ICD-10-CM Code A04.72

Enterocolitis due to Clostridium difficile, not specified as recurrent

Version 2020 Billable Code

Valid for Submission

A04.72 is a billable code used to specify a medical diagnosis of enterocolitis due to clostridium difficile, not specified as recurrent. The code is valid for the year 2020 for the submission of HIPAA-covered transactions. The ICD-10-CM code A04.72 might also be used to specify conditions or terms like clostridial enteric disease, clostridial gastroenteritis, clostridioides difficile infection, clostridium difficile colitis, clostridium difficile diarrhea, clostridium difficile toxin a detected, etc

ICD-10:A04.72
Short Description:Enterocolitis d/t Clostridium difficile, not spcf as recur
Long Description:Enterocolitis due to Clostridium difficile, not specified as recurrent

Index to Diseases and Injuries

The Index to Diseases and Injuries is an alphabetical listing of medical terms, with each term mapped to one or more ICD-10 code(s). The following references for the code A04.72 are found in the index:


Synonyms

The following clinical terms are approximate synonyms or lay terms that might be used to identify the correct diagnosis code:

  • Clostridial enteric disease
  • Clostridial gastroenteritis
  • Clostridioides difficile infection
  • Clostridium difficile colitis
  • Clostridium difficile diarrhea
  • Clostridium difficile toxin A detected
  • Colitis caused by bacterium
  • Gastritis caused by bacterium
  • Intestinal infectious disease due to anaerobic bacteria
  • Intestinal infectious disease due to anaerobic bacteria
  • Toxic megacolon
  • Toxic megacolon due to Clostridium difficile

Diagnostic Related Groups

The ICD-10 code A04.72 is grouped in the following groups for version MS-DRG V37.0 What are Diagnostic Related Groups?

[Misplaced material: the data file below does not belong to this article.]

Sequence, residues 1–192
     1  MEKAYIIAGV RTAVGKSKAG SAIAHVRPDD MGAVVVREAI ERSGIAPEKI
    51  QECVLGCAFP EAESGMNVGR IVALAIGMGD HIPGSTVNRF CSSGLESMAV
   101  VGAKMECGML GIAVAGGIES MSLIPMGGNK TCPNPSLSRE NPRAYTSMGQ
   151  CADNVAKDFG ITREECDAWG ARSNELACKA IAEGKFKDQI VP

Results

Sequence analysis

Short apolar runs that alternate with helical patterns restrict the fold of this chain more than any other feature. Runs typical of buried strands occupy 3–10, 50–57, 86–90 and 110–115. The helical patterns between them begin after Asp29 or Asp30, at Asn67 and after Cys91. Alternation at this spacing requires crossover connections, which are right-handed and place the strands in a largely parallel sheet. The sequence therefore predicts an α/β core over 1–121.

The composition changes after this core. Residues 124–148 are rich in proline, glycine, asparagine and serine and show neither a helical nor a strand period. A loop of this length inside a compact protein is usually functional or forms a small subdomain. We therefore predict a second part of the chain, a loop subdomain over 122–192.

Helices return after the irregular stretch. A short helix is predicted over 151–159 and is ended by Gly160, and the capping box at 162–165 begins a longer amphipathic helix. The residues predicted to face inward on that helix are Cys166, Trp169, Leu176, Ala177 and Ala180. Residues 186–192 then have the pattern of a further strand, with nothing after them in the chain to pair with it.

The Diagnostic Related Groups (DRGs) are a patient classification scheme which provides a means of relating the type of patients a hospital treats. The DRGs divides all possible principal diagnoses into mutually exclusive principal diagnosis areas referred to as Major Diagnostic Categories (MDC).
applicable from 10/01/2020 through 09/30/2020.

  • 371 - MAJOR GASTROINTESTINAL DISORDERS AND PERITONEAL INFECTIONS WITH MCC
  • 372 - MAJOR GASTROINTESTINAL DISORDERS AND PERITONEAL INFECTIONS WITH CC
  • 373 - MAJOR GASTROINTESTINAL DISORDERS AND PERITONEAL INFECTIONS WITHOUT CC/MCC

Replacement Code

A0472 replaces the following previously assigned ICD-10 code(s):

  • A04.7 - Enterocolitis due to Clostridium difficile

Convert A04.72 to ICD-9

  • 008.45 - Int inf clstrdium dfcile (Approximate Flag)

Code Classification

  • Certain infectious and parasitic diseases (A00–B99)
    • Intestinal infectious diseases (A00-A09)
      • Other bacterial intestinal infections (A04)

Code History

  • FY 2018 - Code Added, effective from 10/1/2017 through 9/30/2018
  • FY 2019 - No Change, effective from 10/1/2018 through 9/30/2019
  • FY 2020 - No Change, effective from 10/1/2019 through 9/30/2020

Information for Patients


Clostridium Difficile Infections

What is Clostridium difficile (C. difficile)?